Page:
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Sony's STR-DN1030 7.2-channel receiver may not look different from the rest of the crowd, but by coming out of the box with WiFi and Bluetooth built-in, it is ready to fit in with the connected TV lifestyle we've come to expect. It can stream media from portable devices both Apple and otherwise with ease and supports Sony's Media Remote apps on Android and iOS. More traditional sources can plug into the seven HD inputs, of course, but we find wires to be so ... restrictive.

Key specs: 7.2-channel audio, Dolby True HD, Pro Logic IIz, DTS-HD codec support, 1,015 watts (145w x seven).

Price: From $498 on Amazon

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LG 32CS560

Refreshing the 32LK450 we recommended last year, this year's edition loses some of the ins and outs from that model as well as some of the configuration settings, but maintains the 1080p resolution and slim frame. What keeps it on the list? An even lower price this time around and a reputation for quality even with the "panel roulette" component swaps that are common in this price range.

Price: $320 on Amazon

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Panasonic VIERA TC-P50U50

The sole 1080p model in Panasonic's 2012 lineup without 3D features, the TC-P50U50 is all-killer, no-filler -- bringing the company's well-refined display technology and little else to the table. While it also ditches any connected TV features, it should still look great on your wall without breaking the bank -- for another $100 off, the X5 model is also available, although its lower res makes it suitable only if you'll be sitting farther back.

Price: $699 on Amazon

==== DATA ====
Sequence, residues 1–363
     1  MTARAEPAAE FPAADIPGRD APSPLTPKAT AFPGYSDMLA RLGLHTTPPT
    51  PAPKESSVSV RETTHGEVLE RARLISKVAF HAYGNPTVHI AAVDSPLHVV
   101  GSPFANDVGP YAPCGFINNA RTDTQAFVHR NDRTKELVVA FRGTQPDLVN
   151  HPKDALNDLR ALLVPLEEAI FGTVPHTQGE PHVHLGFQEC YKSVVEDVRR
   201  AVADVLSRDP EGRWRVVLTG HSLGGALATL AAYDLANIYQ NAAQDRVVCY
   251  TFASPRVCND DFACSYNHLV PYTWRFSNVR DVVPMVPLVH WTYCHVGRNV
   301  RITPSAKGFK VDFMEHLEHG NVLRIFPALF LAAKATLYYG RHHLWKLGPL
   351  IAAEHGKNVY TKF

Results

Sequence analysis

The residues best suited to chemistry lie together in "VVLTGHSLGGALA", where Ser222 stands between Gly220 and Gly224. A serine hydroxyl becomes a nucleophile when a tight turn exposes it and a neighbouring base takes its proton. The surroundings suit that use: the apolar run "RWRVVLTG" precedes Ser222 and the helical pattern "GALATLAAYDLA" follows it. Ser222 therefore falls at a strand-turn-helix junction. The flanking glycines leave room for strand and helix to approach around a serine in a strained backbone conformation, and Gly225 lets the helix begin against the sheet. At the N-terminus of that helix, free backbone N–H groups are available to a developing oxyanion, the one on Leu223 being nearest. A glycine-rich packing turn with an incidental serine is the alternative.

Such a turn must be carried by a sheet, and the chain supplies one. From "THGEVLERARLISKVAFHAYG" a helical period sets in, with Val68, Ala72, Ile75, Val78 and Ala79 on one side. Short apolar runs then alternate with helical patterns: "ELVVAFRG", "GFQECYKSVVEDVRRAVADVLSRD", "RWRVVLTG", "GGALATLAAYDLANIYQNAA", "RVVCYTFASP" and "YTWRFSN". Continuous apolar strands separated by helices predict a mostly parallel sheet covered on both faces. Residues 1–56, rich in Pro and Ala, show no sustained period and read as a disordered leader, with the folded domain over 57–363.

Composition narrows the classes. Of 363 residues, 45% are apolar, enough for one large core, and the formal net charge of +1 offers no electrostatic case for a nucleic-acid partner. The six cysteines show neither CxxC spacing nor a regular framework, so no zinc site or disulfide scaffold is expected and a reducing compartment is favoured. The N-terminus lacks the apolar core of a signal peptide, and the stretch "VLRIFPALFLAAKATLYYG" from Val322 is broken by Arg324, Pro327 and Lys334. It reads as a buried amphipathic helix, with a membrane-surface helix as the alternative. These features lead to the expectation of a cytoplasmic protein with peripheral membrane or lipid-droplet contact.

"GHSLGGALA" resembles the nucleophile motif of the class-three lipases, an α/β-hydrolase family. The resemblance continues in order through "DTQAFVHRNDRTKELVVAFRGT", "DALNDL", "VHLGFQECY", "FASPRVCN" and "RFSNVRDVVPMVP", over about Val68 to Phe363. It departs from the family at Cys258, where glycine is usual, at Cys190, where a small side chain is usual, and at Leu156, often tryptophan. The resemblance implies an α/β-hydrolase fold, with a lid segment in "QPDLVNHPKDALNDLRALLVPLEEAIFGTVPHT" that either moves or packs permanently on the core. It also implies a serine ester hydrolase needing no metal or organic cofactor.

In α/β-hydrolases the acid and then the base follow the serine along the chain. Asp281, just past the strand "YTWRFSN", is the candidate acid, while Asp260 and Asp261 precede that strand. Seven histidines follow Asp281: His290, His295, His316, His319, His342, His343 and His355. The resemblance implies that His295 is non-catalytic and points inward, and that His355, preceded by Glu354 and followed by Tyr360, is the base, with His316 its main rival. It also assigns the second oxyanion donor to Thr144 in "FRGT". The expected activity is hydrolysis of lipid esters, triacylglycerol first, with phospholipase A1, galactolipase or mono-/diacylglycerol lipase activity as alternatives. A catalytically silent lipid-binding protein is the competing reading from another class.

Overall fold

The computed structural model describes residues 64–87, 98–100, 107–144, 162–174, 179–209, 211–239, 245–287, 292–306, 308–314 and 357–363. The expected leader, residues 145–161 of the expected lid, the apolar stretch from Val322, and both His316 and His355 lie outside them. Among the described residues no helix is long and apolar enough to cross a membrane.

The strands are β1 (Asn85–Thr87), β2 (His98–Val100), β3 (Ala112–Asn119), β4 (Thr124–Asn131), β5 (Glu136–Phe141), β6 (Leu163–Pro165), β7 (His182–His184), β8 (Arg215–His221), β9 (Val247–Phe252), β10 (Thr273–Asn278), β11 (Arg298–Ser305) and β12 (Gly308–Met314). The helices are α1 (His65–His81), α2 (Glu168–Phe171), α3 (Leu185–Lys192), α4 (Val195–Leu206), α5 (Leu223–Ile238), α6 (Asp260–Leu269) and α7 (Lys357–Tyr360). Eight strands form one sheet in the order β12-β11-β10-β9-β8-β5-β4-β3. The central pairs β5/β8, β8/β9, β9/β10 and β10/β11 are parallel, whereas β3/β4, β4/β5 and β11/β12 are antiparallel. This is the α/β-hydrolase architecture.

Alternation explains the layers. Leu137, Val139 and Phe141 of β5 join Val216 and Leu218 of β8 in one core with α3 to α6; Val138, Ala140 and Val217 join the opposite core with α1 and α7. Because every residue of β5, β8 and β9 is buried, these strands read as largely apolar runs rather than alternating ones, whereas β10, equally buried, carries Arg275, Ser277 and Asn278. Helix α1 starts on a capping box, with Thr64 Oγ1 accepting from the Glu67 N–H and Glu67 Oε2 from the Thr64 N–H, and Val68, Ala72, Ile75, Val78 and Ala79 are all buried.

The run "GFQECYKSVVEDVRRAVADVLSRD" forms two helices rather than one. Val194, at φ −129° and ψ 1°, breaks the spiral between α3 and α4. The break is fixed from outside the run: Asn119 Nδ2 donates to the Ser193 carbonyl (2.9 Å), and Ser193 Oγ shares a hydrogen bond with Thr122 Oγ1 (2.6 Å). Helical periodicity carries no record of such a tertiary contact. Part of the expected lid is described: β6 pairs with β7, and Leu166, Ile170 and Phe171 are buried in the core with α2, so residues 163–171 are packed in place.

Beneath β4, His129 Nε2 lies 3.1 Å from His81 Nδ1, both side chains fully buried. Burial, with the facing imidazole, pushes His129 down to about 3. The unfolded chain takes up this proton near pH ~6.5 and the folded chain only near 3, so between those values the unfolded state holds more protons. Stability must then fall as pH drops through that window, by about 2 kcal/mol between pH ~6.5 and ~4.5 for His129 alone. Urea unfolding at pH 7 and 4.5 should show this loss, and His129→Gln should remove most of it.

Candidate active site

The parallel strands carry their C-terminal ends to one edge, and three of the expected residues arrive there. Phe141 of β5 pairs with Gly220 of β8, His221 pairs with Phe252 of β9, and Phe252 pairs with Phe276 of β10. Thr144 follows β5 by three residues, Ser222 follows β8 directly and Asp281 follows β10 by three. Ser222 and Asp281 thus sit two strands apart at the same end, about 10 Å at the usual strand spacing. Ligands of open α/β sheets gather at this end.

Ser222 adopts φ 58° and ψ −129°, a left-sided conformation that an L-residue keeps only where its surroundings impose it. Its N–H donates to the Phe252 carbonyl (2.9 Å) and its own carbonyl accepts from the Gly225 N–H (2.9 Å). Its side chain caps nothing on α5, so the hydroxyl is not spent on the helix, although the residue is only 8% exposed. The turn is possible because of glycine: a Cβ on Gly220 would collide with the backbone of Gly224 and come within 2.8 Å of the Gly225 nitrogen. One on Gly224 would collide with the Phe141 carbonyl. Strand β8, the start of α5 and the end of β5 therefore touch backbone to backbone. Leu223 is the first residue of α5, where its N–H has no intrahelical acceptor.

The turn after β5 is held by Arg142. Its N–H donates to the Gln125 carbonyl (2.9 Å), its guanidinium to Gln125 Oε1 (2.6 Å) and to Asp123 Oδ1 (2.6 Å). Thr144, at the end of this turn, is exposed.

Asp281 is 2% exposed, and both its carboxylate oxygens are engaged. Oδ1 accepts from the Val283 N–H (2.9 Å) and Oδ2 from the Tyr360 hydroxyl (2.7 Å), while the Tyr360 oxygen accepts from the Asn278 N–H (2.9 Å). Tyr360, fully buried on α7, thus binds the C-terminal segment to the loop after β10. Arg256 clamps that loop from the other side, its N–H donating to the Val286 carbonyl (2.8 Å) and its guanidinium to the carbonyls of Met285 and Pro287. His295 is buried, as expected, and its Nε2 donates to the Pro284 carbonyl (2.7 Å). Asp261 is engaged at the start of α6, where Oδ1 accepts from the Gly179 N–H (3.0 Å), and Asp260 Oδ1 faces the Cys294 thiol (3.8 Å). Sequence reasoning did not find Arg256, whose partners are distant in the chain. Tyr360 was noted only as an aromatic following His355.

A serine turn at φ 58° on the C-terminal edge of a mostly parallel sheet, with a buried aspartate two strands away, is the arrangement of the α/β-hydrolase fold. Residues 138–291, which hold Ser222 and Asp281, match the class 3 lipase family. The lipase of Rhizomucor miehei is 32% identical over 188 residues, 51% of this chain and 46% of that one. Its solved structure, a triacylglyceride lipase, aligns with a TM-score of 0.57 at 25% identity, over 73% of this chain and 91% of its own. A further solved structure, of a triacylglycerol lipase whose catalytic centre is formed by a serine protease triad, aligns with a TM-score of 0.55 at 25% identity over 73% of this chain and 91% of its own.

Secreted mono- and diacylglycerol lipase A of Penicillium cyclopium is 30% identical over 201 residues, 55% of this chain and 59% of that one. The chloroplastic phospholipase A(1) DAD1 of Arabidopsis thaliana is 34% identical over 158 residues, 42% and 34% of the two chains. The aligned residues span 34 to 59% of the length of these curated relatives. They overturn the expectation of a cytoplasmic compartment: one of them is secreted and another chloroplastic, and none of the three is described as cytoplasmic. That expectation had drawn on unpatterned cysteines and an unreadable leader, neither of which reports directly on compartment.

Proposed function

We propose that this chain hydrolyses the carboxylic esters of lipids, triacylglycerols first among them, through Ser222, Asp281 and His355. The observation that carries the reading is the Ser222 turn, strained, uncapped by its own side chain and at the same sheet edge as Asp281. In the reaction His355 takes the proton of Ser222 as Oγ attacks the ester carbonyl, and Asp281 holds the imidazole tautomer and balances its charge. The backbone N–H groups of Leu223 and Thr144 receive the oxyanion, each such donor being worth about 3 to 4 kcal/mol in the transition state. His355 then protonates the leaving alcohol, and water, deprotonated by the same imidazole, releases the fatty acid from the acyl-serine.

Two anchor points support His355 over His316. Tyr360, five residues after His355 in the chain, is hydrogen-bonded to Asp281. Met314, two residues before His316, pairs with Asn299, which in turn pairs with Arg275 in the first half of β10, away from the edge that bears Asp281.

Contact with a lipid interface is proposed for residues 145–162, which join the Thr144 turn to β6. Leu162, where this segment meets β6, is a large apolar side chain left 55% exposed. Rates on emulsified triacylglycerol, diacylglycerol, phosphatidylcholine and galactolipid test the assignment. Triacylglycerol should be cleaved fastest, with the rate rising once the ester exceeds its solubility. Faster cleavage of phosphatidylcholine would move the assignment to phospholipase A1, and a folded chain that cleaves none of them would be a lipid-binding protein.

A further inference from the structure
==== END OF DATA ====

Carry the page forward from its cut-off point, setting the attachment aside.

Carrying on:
Money's no object

Panasonic VIERA TC-P55GT50

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Updated for 2012, the TC-P55GT50 carries the best value tag if you still want an HDTV that has everything. A step down from the absolute top-of-the-line VT50 model, it keeps the "Infinite Black Panel" technology, THX certification and much more at a significantly lower price, although it has gone up slightly from last year. What's a few hundred dollars extra on your student loan anyway, right?

Key specs: 55-inch, 1080p, 3D, four HDMI inputs, three USB inputs, DLNA, WiFi, THX-certified, 24,576 shades of gradation.

Price: $1,599 on Amazon

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Samsung UN55ES6580

Samsung has the widest lineup of any HDTV manufacturer, but the UN55ES6580 is our first pick, with a matte finish that should help if glare is a consideration. It's a little pricier than Panasonic's plasma, but comes with four pairs of 3D glasses and Samsung's Smart TV apps.

Price: $1,715 on Amazon

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Sharp Aquos LC60LE640U

Sharp's mantra for its LCDs has been "bigger is better," and we can't disagree. This LC60LE640U can't match its Elite cousins for picture quality, but at around $1,500, it spreads the viewing area significantly more than its 50- or 55-inch competition without requiring a bigger cash outlay. It drops 3D from the high-end feature list, but keeps WiFi for all your Netflix streaming needs.

Price: $1,442 on Amazon

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Engadget's back to school guide 2012: HDTV